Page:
299. Memorandum From Benjamin Stephansky of the Office of Inter-American Regional Political Affairs to the Deputy Assistant Secretary of State for Inter-American Affairs (Snow)1
- May Day in Cuba
It is no occasion for rejoicing that Fidel Castro will not celebrate May Day in Havana.[Page 498]
From various sources we have pieced together the following components of the May 1 pageant planned by the CTC in Havana:
- The CTC May Day planning committee is reportedly a seven-man committee, two of whom are prominent Communists—Lazaro Peña and Ursinio Rojas.
- The speakers program consisted of six pieces of oratory before Fidel bowed out: Fidel, three 26 of July labor leaders, one Autentico and one Communist.
- Organizations from all ideological persuasions from all of Latin America have been invited to send representatives. Communist organizations have been invited and will be represented; and there may well be some prominent Communist labor figures from Europe and other areas.
- This morning’s Times and Post carry a most disturbing piece on a “workers militia” which will parade on May Day—a militia, according to Che Guevara (as reported in the Times), designed “to defend the revolution so that the enemies of the revolution will know that when they wish to come here they will not only find the Army but also the workers armed to defend this revolution of the people”.
Che Guevara, on the same TV program on which he explained the nature of the workers’ militia, also was reported as stating that he believed the Communists “were capable of working honorably with other groups for national unity”. He called them “revolutionists”, implying, of course, a blood relationship, therefore, with the 26 of July revolutionists. Guevara also reportedly stated he favored diplomatic relations with Soviet Russia. His reasoning, reportedly, was that if Cuba maintained diplomatic relations with such of its “enemies” as the Dominican Republic and Nicaragua, it was logical to have diplomatic relations with a country that combats these enemies.
The May Day show in Havana, thus, promises to have a real Communist flavor—by its planning, its invitees, its oratory and the workers militia. It offers a most respectable forum—a July 26 revolutionary forum—for the Communists to peddle their “national unity,” “friends of the people,” “friends of the revolution,” and “friends of labor” line.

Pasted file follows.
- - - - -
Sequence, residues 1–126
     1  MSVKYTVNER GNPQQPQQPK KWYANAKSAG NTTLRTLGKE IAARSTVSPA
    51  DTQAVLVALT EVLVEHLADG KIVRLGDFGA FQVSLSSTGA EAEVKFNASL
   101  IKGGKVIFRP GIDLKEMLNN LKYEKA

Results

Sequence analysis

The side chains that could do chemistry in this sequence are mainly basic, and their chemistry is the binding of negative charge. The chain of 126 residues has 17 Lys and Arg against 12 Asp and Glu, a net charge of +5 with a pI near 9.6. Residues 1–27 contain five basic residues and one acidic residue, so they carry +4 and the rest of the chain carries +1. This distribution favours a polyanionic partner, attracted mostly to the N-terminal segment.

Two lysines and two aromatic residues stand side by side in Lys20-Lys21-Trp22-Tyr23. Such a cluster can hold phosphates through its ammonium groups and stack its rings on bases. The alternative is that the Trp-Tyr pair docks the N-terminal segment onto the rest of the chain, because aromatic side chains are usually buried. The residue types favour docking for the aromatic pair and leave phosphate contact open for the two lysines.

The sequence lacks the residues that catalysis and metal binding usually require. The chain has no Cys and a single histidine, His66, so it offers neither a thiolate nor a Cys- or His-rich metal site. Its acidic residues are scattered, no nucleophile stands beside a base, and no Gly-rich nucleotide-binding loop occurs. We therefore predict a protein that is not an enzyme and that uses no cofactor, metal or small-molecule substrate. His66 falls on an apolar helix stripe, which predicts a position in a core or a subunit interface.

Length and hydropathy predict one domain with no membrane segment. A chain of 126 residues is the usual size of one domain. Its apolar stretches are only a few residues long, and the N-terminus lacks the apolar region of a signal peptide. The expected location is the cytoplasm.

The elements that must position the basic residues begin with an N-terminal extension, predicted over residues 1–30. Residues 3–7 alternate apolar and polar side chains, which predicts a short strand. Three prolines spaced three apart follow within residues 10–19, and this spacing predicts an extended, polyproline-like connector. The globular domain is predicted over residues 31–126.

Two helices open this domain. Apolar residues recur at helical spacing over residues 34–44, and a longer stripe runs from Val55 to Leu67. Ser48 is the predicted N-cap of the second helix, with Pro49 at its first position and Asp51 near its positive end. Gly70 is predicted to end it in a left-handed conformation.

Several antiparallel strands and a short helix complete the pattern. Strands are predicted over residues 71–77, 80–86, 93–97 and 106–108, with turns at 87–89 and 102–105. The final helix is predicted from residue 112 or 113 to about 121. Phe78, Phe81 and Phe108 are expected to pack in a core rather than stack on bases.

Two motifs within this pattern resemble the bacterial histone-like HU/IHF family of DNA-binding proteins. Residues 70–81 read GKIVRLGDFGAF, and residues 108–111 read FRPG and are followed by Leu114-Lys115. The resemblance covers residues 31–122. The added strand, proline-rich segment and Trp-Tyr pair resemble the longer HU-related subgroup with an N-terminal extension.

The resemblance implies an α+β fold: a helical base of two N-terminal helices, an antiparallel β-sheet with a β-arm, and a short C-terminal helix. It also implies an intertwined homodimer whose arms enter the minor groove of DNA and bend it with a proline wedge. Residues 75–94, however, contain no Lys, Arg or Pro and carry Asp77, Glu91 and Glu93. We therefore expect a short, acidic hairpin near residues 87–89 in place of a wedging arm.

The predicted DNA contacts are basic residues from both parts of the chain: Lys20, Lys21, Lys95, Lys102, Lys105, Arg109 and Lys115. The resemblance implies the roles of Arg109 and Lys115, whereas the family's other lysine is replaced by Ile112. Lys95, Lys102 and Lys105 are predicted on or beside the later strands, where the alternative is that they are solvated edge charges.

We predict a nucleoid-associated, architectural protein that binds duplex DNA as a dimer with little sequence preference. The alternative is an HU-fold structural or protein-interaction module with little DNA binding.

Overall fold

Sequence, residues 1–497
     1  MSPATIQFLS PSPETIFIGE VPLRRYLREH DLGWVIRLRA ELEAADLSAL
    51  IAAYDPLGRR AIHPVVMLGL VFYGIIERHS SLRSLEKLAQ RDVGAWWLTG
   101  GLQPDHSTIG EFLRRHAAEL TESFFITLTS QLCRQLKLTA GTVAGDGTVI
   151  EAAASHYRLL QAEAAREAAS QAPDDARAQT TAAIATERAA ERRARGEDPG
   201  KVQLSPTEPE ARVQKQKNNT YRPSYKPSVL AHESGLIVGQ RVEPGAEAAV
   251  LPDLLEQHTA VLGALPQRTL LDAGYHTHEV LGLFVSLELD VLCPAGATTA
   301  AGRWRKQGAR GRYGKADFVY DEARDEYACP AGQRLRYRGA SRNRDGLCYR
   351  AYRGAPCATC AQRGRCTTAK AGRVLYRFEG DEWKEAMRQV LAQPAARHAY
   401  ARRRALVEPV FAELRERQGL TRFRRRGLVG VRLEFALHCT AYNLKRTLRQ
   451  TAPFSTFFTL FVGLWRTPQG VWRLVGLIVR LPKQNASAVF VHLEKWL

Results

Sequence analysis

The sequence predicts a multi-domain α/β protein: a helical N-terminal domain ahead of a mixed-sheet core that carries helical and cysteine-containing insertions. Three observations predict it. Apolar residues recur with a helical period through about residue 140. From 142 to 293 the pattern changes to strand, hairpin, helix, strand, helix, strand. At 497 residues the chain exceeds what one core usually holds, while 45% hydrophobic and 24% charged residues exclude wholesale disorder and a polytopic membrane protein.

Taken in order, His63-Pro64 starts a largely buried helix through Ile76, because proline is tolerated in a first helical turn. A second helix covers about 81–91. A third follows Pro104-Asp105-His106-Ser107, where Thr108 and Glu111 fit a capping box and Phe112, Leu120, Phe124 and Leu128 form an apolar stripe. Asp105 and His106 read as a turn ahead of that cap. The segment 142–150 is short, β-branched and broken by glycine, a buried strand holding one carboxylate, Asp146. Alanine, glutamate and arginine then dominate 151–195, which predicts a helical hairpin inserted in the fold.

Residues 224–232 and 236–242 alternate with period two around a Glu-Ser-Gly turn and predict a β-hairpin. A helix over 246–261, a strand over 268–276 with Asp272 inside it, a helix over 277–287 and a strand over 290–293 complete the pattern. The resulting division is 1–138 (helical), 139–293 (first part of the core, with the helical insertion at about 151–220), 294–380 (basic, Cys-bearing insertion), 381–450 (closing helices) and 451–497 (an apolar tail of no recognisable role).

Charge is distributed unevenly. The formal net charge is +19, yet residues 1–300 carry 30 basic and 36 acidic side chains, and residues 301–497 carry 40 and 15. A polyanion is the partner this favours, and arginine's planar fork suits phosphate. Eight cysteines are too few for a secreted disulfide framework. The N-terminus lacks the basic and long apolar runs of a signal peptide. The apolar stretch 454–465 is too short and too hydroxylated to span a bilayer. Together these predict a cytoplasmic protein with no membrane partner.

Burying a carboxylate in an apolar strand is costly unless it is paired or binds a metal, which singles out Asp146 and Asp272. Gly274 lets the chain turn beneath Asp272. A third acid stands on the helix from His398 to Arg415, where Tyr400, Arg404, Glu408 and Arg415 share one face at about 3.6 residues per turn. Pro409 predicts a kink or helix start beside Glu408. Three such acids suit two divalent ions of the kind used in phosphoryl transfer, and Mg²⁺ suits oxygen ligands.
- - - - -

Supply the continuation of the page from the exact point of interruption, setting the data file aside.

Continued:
To return to Fidel Castro, now, and the possible significance of his missing this May Day show. There are one of two possible interpretations:
- If Fidel means what he said here about Communism and intends to do something about it, an appearance on May 1 would (a) tend to lend his prestige to a show which is friendly to Communism; or (b) place him in the position of risking his popularity at a show rigged against any anti-Communist declaration. He could feel, perhaps rightly, that this was not the time or place to take on the Communists.
- Another interpretation is, however, that Fidel didn’t mean what he said here and that he is building, or permitting that there be built in Cuba an Arbenz-type regime, but avoiding Arbenz’s mistakes of too open a relationship with Communism because of Cuba’s geographic [Page 499]proximity to the U.S. and its economic dependence on the U.S. If Fidel doesn’t want, this soon after his U.S. visit, to be placed in the position of showing his real colors, then it is wise to avoid an appearance at the kind of May 1 demonstration at which he would have to say things which would contradict the things he stated here.
You pays your money and takes your choice. The whole business smells bad. Continent-wise, there will be a labor show in Cuba demonstrating the harmonious coexistence between 26 of July labor and Communist labor; and witnessing this show will be a hodge-podge of Communist and non-Communist labor leaders to “take the hint”.
Addendum: Latest dope received by ’phone: There may be no oratory at the May 1 shindig. Net result: Suspicions unchanged.
- Source: Department of State, ARA Special Assistant Files: Lot 62 D 24, Cuba 1959. Confidential. Drafted by Stephansky.↩